“We desire to know other people. Dayna [Burtness Nguyen] might know someone and we show up and be there and get to know those people,” Thorson said. “It’s reflecting on the fact that all five of us in the house show up in that way and connect with the people we know.”

Building relationships is facilitated by intergenerational mentorships, Mainspring Founding Director Melissa Wray said. 

“I didn’t know I had that when I was living here, but it’s something that is happening,” she said. 

It’s teaching the next generation how to be good volunteers and useful citizens. Schools are especially a good example of this because they provide avenues for students to be leaders.

However, there are challenges to building relationships, especially for those new in town.

Though the term “outsiders” is generally outdated now, it’s still hard for new residents to make the right connections in town to feel welcomed. The key here is asking those people to be involved.

As for developing leaders, sometimes it’s a matter of someone’s ambition and other times they’re thrust into the job. 

“Somehow they managed to step out. When did the lightning strike?” Diane Crane of the Houston Arts Resource Council said. 

Leadership can also have a tendency to let quiet people bloom out and become a force to be reckoned with.

What challenges face the current leaders of volunteer groups, church groups, activist groups and others we have around our small towns in Houston County?

Burnout. Because they are trusted to do the job right and since they’ve been doing it a long time, no one else has had to take the responsibility on.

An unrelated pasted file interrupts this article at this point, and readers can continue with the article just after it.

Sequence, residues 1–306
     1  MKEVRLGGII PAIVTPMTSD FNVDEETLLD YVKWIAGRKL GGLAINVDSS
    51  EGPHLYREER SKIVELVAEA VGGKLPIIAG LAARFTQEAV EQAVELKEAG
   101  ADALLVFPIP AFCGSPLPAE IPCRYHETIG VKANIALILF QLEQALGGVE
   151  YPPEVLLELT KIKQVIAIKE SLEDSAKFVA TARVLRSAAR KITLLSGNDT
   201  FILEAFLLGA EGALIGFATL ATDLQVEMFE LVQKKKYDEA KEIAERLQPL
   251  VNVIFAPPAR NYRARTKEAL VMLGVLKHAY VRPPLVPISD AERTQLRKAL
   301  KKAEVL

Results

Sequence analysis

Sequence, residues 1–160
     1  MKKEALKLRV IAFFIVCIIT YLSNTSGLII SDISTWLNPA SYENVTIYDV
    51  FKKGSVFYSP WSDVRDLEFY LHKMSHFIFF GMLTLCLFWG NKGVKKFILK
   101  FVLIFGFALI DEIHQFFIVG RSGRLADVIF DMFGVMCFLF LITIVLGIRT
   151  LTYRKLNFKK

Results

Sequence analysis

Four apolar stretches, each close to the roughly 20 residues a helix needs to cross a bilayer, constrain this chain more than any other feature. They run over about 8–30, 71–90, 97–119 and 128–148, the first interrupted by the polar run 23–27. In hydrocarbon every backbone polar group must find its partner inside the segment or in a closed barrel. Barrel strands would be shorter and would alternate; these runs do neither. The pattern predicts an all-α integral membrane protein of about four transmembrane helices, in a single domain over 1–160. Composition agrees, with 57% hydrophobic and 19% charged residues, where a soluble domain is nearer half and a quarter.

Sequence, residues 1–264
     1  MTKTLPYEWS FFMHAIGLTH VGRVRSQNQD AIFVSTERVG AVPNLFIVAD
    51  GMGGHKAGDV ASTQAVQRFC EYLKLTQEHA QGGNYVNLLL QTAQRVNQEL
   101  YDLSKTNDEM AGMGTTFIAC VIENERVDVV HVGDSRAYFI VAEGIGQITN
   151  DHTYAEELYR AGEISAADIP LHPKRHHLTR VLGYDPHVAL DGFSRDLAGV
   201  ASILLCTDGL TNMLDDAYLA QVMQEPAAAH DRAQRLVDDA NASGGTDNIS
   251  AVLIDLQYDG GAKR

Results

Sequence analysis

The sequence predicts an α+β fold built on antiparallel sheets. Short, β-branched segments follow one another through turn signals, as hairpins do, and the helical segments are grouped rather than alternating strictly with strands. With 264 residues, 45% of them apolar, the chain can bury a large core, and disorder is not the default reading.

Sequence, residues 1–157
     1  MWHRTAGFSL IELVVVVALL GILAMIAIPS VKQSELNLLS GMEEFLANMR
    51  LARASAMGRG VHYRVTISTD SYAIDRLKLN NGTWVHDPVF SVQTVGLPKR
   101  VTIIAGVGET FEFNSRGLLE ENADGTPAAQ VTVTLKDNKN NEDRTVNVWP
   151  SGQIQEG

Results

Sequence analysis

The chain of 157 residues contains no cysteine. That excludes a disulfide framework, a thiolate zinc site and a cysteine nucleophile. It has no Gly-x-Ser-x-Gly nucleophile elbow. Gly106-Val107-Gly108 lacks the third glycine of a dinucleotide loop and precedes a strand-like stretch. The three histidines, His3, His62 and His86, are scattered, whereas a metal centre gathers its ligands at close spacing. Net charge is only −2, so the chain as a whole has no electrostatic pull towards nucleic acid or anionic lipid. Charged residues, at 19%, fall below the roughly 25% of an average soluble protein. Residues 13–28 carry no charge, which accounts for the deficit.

This is where recruiting and training new volunteers comes in handy. Small towns are small enough where there are many opportunities for everyone.

And it’s not only groups that face challenges. Many times it is the businesses that need help and for that, there’s a chamber of commerce, in which a few Houston County cities have one, but some do not. 

The last part of the definition, “the-world-as-it-is to the-world-as-it-should-be,” was described as “neighboring,” or just being neighborly.

In many instances, payment isn’t expected when neighbors help neighbors. The favor eventually gets returned in the future.

Lastly, the group talked about how people can have a relationship with their community as a resident and a tourist.

Blanchard will create a large poster featuring images and key words from around Houston County. Keep an eye out for the poster, as it will be posted around the county.

Next session

Join Crystal Creek and the Houston Arts Resource Council for their next resident-artists: Aug. 4 through 10, featuring James Spartz (Unity, ME); and Nick Byron Campbell (Los Angeles, CA); Meet & Greet: 8/6; Workshop: 8/9

An ecomusicologist and environmental communications scholar, James Spartz, Ph.D., is a Driftless Minnesota native now teaching at Unity College in Maine as an assistant professor of environmental communication. 

Nick Byron Campbell is an experimental environmental musician based out of Los Angeles, California. Frustrated by the limitations of traditional recording and performing, Campbell now experiments in sound art, creating sound art installations across the United States.